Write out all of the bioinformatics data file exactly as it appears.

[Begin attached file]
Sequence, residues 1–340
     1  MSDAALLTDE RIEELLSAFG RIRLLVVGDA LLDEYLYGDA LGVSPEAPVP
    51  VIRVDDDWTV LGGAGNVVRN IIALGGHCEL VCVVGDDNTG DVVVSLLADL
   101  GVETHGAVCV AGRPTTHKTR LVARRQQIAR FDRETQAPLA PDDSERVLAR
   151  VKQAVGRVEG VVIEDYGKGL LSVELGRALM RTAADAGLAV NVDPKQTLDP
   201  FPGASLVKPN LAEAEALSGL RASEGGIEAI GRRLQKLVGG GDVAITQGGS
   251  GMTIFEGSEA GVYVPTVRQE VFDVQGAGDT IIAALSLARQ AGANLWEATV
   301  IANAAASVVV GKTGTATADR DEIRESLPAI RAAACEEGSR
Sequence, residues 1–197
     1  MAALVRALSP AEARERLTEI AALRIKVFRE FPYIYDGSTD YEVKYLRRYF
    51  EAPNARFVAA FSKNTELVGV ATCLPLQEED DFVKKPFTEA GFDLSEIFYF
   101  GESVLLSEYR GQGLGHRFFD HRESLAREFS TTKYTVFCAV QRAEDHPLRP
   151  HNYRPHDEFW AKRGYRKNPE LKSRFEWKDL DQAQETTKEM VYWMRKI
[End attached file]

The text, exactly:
Sequence, residues 1–340
     1  MSDAALLTDE RIEELLSAFG RIRLLVVGDA LLDEYLYGDA LGVSPEAPVP
    51  VIRVDDDWTV LGGAGNVVRN IIALGGHCEL VCVVGDDNTG DVVVSLLADL
   101  GVETHGAVCV AGRPTTHKTR LVARRQQIAR FDRETQAPLA PDDSERVLAR
   151  VKQAVGRVEG VVIEDYGKGL LSVELGRALM RTAADAGLAV NVDPKQTLDP
   201  FPGASLVKPN LAEAEALSGL RASEGGIEAI GRRLQKLVGG GDVAITQGGS
   251  GMTIFEGSEA GVYVPTVRQE VFDVQGAGDT IIAALSLARQ AGANLWEATV
   301  IANAAASVVV GKTGTATADR DEIRESLPAI RAAACEEGSR
Sequence, residues 1–197
     1  MAALVRALSP AEARERLTEI AALRIKVFRE FPYIYDGSTD YEVKYLRRYF
    51  EAPNARFVAA FSKNTELVGV ATCLPLQEED DFVKKPFTEA GFDLSEIFYF
   101  GESVLLSEYR GQGLGHRFFD HRESLAREFS TTKYTVFCAV QRAEDHPLRP
   151  HNYRPHDEFW AKRGYRKNPE LKSRFEWKDL DQAQETTKEM VYWMRKI